About the Special Report

Multiculturalism? “We did that back in the ’80s,” seems to be the attitude of many educational leaders these days. The birthday of Martin Luther King Jr. was included in the holiday pantheon, new textbooks were purchased, the most offensive materials discarded, ethnically-themed assemblies added, staff in-services held. Been there, done that.

This waning interest is in part the product of relentless haranguing by the right. The Lynne Cheneys and Rush Limbaughs slam multicultural education as divisive, Balkanizing, politically correct, ethnic cheerleading. These criticisms coincide with a broader offensive against people of color and people who are poor: the repeal of affirmative action, skyrocketing incarceration rates – especially of Black men, families kicked off welfare with no other supports in place, and jingoistic anti-immigrant initiatives.

And the proliferation of high stakes standardized testing has begun to strangle the life out of anything in school that can’t promise to increase students’ scores. Who has time for multicultural education when there are multiple choice tests to prepare for? Indeed, the push to subordinate teaching to state standards and tests is explicitly regarded by some as a means to eliminate multicultural education.


What is multicultural education? At its best, multiculturalism is an ongoing process of questioning, revising, and struggling to create greater equity in every nook and cranny of school life- whether in curriculum materials, school staffing policies, discipline procedures, teaching strategies, or course offerings. And it is part of a broader movement to create a more equitable society. It is a fight against racism and other forms of oppression, including those based on class, gender, religion, sexual orientation, physical ability, or national origin and language. It is a fight for economic and social justice.

But this is not to say that multiculturalism is polemical or politically partisan in a narrow sense. In curriculum, for example, academic rigor is impossible without a multicultural standpoint. Suppose one is teaching about the American Revolution. Traditional – non-multicultural- curricular approaches to the revolution focus on the actions of Washington, Jefferson, Franklin and other “great men.” But in 1776, the majority of people in the 13 colonies were women, African Americans, or Native Americans. They pursued their dreams in ways that profoundly impacted the revolution. For instance, when enslaved African Americans in the South discovered that the rhetoric of freedom excluded them, they fled in droves, dramatically influencing the course of the war, leading to what some scholars have called “the largest slave insurrection in American history. “There is no way to make sense of events following the Declaration of Independence – or any other historical era – without a multicultural perspective.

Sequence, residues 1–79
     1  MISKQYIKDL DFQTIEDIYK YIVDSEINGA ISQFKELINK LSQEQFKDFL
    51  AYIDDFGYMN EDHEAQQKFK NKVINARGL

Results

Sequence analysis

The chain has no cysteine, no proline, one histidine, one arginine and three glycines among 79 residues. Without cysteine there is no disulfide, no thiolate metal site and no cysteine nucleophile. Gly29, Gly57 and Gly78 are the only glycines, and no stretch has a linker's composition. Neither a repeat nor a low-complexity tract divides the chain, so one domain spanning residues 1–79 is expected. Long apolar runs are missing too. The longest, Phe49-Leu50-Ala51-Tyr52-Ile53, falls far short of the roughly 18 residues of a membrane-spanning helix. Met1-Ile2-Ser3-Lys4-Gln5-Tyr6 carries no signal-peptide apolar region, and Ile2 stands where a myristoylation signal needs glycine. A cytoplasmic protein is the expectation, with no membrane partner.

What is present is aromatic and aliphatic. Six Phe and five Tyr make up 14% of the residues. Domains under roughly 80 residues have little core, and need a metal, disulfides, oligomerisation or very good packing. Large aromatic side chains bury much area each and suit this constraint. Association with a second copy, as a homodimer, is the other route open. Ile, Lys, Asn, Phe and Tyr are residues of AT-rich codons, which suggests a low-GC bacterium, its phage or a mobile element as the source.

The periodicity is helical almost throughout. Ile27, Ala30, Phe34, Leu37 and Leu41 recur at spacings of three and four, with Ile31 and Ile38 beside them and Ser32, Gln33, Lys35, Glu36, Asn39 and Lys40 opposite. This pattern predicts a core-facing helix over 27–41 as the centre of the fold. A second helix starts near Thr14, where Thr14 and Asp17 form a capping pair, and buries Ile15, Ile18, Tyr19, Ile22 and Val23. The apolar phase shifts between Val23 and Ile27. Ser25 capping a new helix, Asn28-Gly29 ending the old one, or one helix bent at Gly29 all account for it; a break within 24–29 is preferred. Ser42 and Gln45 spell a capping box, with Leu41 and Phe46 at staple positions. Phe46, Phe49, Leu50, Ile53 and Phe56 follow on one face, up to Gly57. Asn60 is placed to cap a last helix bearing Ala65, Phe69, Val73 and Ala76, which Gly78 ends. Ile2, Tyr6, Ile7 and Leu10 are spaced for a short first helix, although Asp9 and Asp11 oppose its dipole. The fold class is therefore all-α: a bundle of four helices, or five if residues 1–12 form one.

Such a perspective is not simply about explaining society, it is about changing it. Multiculturalism interrogates the world from a critical and activist standpoint: Who benefits and who suffers from any particular arrangement? How can we make it more just? At a superficial level, multicultural education celebrates diversity. More deeply, it equips educators, students, and parents to recognize and critique how some differences lead to deficit and others to privilege. And it compels us to seek alternatives.